But the war could go longer. The Biden administration expects Israel to pivot in the new year from high-intensity bombardment and fierce street combat to more targeted assaults. Netanyahu warned last week that the war “isn’t close to finished.”
“This will be a long battle,” he told Israelis.
How are the these costs measured?
Ono Academic College professor Yaron Zelekha, a former economist at the Israeli Ministry of Finance, says it’s important to understand the war’s ripple effects.
There’s the cost of waging the war, the steep decline in economic activity and a resulting drop in revenue. Deficit spending produces borrowing costs, which will weigh on budgeting long after the shooting stops.
What do ordinary Israelis think?
Forty-five percent of Israelis acknowledge worrying that the war will bring them economic hardship, polling by the charity group Latet shows.
The Hamas attacks were a catastrophe, eroding the trust of citizens, businesses, and investors in the government and in the military, economists told The Post. That trust will be difficult to win back.
How does this Gaza war compare with past conflicts?
Economists speak of the modern Israeli economy as remarkably resilient. The country has fought regional wars on its territory in 1967 and 1973, wars in Lebanon and along its northern border in 1982 and 2006, a 50-day battle in Gaza in 2014 and two intifadas in the occupied West Bank.
“In the second intifada, a significant part of the damage was caused by misguided economic management,” said Zelekha. “There was significant government overspending and a simultaneous tax increase.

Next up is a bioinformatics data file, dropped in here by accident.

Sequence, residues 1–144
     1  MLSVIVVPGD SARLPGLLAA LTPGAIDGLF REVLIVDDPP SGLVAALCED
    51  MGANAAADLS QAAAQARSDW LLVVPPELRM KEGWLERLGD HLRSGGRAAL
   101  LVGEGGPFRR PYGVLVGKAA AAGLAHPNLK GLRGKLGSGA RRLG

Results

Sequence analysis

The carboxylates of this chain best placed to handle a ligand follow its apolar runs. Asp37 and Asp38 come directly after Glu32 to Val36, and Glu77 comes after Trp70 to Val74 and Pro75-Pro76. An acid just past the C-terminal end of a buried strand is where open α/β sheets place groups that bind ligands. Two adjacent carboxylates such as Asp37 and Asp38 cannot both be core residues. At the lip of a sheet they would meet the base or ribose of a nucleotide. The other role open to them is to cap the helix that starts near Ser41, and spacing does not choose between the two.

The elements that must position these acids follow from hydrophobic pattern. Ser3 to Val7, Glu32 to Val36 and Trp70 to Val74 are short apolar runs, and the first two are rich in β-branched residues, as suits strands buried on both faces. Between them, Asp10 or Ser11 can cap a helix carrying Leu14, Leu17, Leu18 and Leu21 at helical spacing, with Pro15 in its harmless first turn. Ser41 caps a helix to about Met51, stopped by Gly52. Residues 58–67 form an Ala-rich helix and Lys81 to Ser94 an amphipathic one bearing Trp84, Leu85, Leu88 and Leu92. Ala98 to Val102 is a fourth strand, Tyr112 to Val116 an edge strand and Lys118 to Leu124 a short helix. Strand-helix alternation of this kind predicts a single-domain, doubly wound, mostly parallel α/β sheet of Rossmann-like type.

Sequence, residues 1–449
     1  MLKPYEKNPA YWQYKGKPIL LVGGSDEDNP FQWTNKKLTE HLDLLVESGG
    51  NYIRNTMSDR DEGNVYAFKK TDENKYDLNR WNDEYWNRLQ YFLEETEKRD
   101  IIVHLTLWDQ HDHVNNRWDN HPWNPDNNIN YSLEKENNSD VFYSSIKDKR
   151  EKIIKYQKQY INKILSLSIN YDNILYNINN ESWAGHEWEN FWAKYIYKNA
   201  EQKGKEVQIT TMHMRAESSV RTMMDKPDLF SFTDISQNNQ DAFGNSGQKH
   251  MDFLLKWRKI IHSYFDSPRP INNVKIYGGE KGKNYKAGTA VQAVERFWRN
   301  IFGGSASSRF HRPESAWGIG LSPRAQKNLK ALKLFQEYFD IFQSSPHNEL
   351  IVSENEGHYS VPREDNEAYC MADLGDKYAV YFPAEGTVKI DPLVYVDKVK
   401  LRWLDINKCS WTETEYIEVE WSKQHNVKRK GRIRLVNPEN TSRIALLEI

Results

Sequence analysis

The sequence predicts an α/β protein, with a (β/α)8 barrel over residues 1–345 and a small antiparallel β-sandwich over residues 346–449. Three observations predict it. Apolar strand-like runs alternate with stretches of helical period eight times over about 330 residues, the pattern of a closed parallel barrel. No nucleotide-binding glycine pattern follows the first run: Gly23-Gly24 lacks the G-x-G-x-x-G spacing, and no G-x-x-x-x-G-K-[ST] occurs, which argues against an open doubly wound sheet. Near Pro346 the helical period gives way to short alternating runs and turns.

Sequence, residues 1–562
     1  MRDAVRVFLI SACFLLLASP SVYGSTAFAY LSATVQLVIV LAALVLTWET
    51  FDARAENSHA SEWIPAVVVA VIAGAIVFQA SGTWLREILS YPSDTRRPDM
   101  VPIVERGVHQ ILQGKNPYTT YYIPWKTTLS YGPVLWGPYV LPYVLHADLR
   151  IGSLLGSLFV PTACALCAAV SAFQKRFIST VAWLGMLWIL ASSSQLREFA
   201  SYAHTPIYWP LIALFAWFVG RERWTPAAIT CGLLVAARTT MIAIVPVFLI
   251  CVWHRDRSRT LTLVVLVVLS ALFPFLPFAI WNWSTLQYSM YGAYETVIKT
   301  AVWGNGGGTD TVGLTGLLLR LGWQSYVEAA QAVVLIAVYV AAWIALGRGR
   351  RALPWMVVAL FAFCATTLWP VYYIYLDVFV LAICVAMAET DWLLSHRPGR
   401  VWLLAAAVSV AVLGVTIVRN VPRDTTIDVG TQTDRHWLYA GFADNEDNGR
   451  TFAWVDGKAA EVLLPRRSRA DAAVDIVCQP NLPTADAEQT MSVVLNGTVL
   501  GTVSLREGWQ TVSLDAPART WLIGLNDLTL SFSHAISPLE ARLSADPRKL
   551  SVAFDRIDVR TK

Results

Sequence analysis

“The main difference between then and today is that back then, the government debt reached 100 percent of GDP, not 60 percent as it is today. Our current situation is much better.”
What’s the cost to workers?
Reserve duty, displacement and knock-on effects of the war have idled as many as 20 percent of Israeli workers.
“Israel’s economy experienced a shock wave comparable to the peak of the covid-19 pandemic,” said Michal Dan-Harel, the managing director of Manpower Israel, the country’s largest employment agency. “Significant portions of the economy came to a shutdown for nearly two weeks. People were in shock. Each day revealed the magnitude of the crisis, and discussions about normalcy, such as work or earning a living, became almost illegitimate.”
The impact of reservist deployments has been especially dramatic, Dan-Harel said, because “the individuals are called up without knowing when they will return to work. … No one anticipated that people would be enlisted for a period of three months or more.”
Is the economy resilient enough to weather the war?
“For the last 25 years, Israel has run up the mountain with weights on its legs,” said Erel Margalit, a high-tech entrepreneur and venture capitalist.
He was talking about the wars and intifadas — and more recent challenges. The Netanyahu government’s attempt before the war to limit the power of the judiciary — which sparked massive, months-long protests, hurt international investment, said Margalit, a former member of the Knesset.
“The war is an additional blow,” he said. He’s pushing for a FDR-style New Deal after the war ends to establish innovation, education and new businesses in the hard-hit north and south after the war ends.
How important is U.S. aid for the Israeli economy?
The United States gives Israel $3.8 billion in military support each year. The countries share defense technology to give Israel a strategic edge over its adversaries. The United States also sells Israel hundreds of millions of dollars in bombs, missiles and shells.
The White House is pushing a supplemental funding bill that would include $14 billion in aid to Israel in early 2024. The bill has stalled in Congress as Republicans and Democrats debate funding for the U.S. border.
Zelekha called the U.S. support “essential.” “The military aid costs a significant amount of money,” he said. “If we had to fund that ourselves, it would pose an even greater problem. Secondly, the very fact of receiving aid signals to financial markets that we have economic backing, which reassures the markets.
“We need to send a big thank you to President Biden for this assistance.”